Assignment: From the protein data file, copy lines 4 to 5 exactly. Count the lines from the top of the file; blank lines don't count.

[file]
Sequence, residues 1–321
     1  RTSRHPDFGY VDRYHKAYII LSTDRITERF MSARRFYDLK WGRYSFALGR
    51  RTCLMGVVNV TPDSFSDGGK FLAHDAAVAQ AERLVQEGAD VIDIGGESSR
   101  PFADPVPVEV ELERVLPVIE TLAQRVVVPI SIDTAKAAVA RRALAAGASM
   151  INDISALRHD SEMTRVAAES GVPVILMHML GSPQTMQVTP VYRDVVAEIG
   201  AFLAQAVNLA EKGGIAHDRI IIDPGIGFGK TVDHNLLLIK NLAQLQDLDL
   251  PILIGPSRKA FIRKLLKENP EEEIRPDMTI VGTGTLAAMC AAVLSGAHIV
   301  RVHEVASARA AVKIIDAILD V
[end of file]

   101  PFADPVPVEV ELERVLPVIE TLAQRVVVPI SIDTAKAAVA RRALAAGASM
   151  INDISALRHD SEMTRVAAES GVPVILMHML GSPQTMQVTP VYRDVVAEIG